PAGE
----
Government is promising to build at least four more nursery schools in the heavily populated districts of St Michael and Christ Church.
This was announced by Minister of Education Ronald Jones as he addressed tenth anniversary celebrations of the Olga Millar Nursery School at Farm Road, St Philip last friday.
Commending the school’s administrators for maintaining the facility in good shape over the decade, Jones announced that new schools were planned for several districts.
Government nursery schools, catering to children ages three and four, were planned for Government Hill and Deacons Road in St Michael, Sayes Court in Christ Church, and Holders Hill, St James.
The Minister of Education also announced that the School Meals Centre located near the Olga Millar School would be ready by early next year, and was currently awaiting specialised kitchen equipment.
“I want to encourage parents and communities to support all of our schools. Ideally, I think every school should be painted every three years, and I would like to see businesses within the community adopt schools and purchase paint and other supplies they might need for their maintenance,” Jones appealed.
Wendy Small, principal of Olga Millar Nursery, in her address, implored parents to establish good relations with teachers.
She said history had shown that children tended to behave much better when they knew their parents maintained contact with their teachers.
“So far, we have had good attendance at Parent Teacher Association (PTA) meetings, but [parents] must continue attending PTA meetings as the children go through the different stages of school.
“We have found that children tend to behave better when they know that their parents know their teachers,” the principal explained.
Small said the school was the first nursery school constructed under the Ministry of Education’s mandate to create “a level playing field for all children in terms of early childhood education”.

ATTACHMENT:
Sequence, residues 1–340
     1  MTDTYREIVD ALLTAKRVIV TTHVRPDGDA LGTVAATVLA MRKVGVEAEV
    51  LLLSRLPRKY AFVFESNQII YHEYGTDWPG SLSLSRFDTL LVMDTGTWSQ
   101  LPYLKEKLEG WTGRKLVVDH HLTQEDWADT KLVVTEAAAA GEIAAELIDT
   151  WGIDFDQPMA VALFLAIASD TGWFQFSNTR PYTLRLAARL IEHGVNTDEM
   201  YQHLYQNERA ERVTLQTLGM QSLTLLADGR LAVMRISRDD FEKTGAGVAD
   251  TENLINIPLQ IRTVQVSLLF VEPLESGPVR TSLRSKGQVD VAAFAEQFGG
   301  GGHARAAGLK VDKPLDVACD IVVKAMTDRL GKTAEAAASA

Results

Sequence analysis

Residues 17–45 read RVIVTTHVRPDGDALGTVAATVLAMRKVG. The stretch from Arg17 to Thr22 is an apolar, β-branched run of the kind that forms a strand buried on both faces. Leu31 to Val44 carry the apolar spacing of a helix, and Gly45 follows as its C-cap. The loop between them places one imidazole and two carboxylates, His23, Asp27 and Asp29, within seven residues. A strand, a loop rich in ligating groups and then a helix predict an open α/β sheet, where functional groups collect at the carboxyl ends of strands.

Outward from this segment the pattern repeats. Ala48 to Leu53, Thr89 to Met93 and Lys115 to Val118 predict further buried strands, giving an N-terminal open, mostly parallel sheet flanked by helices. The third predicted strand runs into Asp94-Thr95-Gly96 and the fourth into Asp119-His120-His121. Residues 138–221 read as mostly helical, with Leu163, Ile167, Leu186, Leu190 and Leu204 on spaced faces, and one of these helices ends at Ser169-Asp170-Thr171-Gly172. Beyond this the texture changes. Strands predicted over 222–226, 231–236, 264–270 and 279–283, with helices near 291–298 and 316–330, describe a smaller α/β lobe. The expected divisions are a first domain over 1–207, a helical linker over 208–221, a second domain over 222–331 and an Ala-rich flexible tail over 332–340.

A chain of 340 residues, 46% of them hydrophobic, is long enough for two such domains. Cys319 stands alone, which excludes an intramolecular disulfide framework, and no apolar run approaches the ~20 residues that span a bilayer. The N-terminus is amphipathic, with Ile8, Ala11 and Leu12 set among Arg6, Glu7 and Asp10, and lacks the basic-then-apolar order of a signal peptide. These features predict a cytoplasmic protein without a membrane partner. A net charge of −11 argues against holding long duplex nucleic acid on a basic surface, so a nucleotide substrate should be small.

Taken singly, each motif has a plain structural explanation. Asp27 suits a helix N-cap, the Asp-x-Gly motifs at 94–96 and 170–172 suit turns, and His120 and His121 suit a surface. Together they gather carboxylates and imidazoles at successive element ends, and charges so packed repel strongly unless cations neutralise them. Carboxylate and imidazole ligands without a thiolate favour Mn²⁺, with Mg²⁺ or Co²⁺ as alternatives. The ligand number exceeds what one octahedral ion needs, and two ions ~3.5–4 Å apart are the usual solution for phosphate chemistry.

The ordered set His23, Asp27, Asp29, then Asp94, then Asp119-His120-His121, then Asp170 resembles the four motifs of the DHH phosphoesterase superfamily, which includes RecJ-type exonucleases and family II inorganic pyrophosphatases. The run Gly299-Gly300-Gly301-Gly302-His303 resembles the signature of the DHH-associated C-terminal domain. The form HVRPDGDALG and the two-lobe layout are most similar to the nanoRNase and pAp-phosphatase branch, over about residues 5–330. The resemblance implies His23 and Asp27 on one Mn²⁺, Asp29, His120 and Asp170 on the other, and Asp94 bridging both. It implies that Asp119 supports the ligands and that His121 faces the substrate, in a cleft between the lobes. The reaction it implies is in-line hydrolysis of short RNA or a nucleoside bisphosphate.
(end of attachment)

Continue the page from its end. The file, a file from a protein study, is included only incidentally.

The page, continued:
She said the school’s roll of 72 students was divided into classes of 15 pupils each, however, an additional 14 children were expected to enroll by January 2018. “Since we opened our doors in 2008, we have catered to 723 children and all of them have gone on to do well at primary and secondary school. Parents of past students also tend to recommend this school to their peers.”
Meanwhile, Rector of the Holy Trinity Anglican Church, Reverend Michael Maxwell who addressed the event, used the acronym ‘OLGA’ to symbolise the elements both parents and teachers should follow.
For parents, he said ‘O’ meant being online with the children, ‘L’ stood for love, ‘G’ represented guidance, and ‘A’ meant always being available for their children.
To the teachers, ‘O’ meant overseer – looking after the children; ‘L’ was for leadership of young minds both academically and by example setting; ‘G’ represented God’s character in everything teachers did, and ‘A’ meant attending the needs of children and their parents.
During the anniversary celebrations, a mural painted by local artist, Akeilah Inniss, was unveiled depicting the school’s namesake, Olga Millar, along with historic landmarks in the parish of St Philip.